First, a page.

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Rule of the Thirds – Professional Development Secrets

teacher workshops

You might be like many who organize professional development. You are experienced, thoughtful and very, very busy.

So what is the “Rule of Thirds?”It’s the biggest little secret in education. There are three BIG thirds in professional development (PD).

The first third of the three comes from the circumstances of the actual professional development day. I am shocked at how often someone asks me to fly 5,000 miles to his or her school and yet there’s a terrible microphone, poor seating and abominable lighting. Some “providers” ensure there are plenty of donuts, as if that would optimize staff learning. Others give me a screen 6′ x 6′ for 500 people. That’s like watching a movie in your living room on an iPod. Instead get a 10 x 10′ screen!

Over the years, I have been asked to speak in a movie theater, a bar, a library, a lunchroom and, even a racetrack. A cheap or free venue is NOT a bargain if the staff has a bad day. Now you should know that I am good at working miracles with whatever someone gives me, but why take risks if you don’t have to?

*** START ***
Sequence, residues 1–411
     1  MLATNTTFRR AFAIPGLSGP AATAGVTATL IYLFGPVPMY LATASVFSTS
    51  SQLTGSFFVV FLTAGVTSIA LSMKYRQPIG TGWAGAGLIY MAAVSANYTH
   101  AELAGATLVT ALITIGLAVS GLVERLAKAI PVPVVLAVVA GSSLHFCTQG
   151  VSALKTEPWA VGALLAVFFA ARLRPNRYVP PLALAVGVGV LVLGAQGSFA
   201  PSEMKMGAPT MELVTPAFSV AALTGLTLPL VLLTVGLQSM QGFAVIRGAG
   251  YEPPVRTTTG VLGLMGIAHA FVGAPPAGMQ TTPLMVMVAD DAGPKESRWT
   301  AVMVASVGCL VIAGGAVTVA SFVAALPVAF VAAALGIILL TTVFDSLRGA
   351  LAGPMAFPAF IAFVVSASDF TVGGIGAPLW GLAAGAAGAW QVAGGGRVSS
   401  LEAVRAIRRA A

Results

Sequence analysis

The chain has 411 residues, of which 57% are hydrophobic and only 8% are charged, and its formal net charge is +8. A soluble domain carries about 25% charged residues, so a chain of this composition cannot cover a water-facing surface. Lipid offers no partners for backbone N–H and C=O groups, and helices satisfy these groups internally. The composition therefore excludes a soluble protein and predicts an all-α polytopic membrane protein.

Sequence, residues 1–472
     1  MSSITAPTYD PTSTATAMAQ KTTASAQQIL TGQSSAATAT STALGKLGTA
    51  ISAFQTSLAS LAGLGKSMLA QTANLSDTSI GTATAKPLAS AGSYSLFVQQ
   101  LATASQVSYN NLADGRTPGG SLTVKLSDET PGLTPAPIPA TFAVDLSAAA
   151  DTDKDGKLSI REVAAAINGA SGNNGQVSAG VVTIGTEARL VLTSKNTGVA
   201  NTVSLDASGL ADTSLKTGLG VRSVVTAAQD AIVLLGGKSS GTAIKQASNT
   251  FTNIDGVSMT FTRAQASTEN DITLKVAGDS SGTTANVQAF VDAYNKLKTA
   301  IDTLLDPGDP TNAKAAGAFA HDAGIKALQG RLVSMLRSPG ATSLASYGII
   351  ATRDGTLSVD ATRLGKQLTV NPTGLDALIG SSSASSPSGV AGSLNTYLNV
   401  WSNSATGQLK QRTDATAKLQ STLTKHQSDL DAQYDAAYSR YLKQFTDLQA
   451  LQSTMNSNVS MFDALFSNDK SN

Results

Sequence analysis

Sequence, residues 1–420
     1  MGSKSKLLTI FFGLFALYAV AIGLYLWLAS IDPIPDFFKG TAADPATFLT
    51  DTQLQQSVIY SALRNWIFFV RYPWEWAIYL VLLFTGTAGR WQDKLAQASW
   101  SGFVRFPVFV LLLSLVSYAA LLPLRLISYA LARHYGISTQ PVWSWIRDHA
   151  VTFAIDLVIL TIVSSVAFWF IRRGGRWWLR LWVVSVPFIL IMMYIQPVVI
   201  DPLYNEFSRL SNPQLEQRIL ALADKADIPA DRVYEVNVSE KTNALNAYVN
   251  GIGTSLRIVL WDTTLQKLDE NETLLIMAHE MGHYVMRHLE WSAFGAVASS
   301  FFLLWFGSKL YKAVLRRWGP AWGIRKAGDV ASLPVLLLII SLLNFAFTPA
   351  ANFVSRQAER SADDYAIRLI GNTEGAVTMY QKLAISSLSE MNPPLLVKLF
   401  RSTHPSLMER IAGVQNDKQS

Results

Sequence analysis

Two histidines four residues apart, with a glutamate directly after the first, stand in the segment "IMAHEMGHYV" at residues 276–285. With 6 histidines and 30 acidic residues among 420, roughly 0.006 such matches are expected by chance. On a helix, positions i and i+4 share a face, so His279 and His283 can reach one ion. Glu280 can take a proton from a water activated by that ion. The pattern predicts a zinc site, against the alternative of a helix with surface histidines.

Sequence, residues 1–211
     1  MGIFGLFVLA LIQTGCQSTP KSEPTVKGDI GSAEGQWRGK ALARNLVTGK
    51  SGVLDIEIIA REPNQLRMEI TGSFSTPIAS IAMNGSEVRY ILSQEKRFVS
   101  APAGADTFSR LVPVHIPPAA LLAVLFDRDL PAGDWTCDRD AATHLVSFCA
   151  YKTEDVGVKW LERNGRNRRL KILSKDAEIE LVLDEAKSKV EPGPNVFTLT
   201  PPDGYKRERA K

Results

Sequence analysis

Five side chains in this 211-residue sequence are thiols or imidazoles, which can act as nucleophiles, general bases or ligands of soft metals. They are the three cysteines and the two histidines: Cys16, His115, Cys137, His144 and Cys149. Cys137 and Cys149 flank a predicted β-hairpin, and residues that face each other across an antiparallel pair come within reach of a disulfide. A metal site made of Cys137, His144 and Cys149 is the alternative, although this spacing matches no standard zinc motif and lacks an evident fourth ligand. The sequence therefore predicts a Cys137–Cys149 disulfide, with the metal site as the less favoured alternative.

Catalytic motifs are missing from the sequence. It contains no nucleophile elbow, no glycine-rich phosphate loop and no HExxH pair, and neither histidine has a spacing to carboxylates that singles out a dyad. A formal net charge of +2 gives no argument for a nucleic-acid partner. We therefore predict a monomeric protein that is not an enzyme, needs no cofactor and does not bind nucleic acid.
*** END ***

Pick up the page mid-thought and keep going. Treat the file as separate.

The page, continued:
The first third of the three parts is: optimize learning conditions!

The second third of the value in professional development comes from having a relevant, high quality, and very engaging presenter. That’s right: 33% of the value from any professional development that comes from the caliber of presenter. By the way, those who hire me say that I consistently get “rave” reviews. I will always do my best to be the best you can get.

The third of three thirds comes from the follow up. Every teacher needs to have weekly or monthly “check-ins” that jump-start the changes. Teachers are busy and sometimes stressed. In fact, they are so busy, that you practically have to “get in their face” to get them to do something out of the ordinary. Without adequate follow up, you are getting only one third of the potential value.